It was a herder who found the body; the lifeless grey mass still a powerful presence in the silent bush. A dead female elephant.
The news began its journey, going first to a local chief and from there to the Big Life operations room. A Big Life team was dispatched immediately, and was met at the scene by a ranger unit from the Maasai Wilderness Conservation Trust.
The tusks were gone, cut out only hours previously. Rain and livestock had erased all human tracks, and the ranger teams headed for the nearest settlement to see what they could find out.
It was late that evening by the time a breakthrough came. A young boy, with a story of unknown men carrying something into a clump of bushes, and emerging empty handed.
The rangers followed the boy and their flashlights into the dusk. The boy could not remember the exact location, but after a long search, someone finally struck something hard beneath a bush – the first tusk. Early the following morning, they uncovered the second one.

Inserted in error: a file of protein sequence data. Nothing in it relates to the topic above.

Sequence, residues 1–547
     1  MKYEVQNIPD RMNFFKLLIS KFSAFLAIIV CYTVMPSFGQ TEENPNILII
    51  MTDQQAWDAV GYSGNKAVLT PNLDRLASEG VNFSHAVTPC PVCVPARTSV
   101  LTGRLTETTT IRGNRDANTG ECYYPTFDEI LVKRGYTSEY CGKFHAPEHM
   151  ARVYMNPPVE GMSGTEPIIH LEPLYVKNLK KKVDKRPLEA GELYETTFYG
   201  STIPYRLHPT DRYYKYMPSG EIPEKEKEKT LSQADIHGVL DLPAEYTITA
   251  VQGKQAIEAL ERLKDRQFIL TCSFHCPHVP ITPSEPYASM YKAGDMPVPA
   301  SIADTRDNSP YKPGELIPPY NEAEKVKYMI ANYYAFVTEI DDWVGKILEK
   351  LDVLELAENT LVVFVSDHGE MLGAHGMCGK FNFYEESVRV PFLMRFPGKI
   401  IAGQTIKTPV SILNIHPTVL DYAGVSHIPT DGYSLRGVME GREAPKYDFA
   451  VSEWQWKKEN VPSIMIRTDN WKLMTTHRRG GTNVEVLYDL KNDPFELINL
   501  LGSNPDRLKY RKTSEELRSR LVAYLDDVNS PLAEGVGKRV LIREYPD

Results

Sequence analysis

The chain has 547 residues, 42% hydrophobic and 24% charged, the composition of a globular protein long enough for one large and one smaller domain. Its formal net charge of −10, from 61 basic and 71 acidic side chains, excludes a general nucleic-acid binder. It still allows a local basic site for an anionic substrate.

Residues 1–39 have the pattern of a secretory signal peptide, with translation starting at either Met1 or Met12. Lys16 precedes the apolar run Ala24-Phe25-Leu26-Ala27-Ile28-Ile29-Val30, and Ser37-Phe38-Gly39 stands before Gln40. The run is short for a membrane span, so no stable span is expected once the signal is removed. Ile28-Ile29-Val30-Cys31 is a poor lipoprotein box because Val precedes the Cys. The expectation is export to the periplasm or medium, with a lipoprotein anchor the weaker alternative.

Unfortunately, the trail has run dead, and no one knows who the men were. Returning to the carcass later on, the rangers were unable to find any reason for the cause of death, and we suspect that passers by took the tusks opportunistically.
But as always, the message to potential poachers is loud and clear: the local community are the eyes and ears of Big Life, and your chances of getting away with anything, be it killing an elephant or simply stealing ivory from a natural carcass, are small.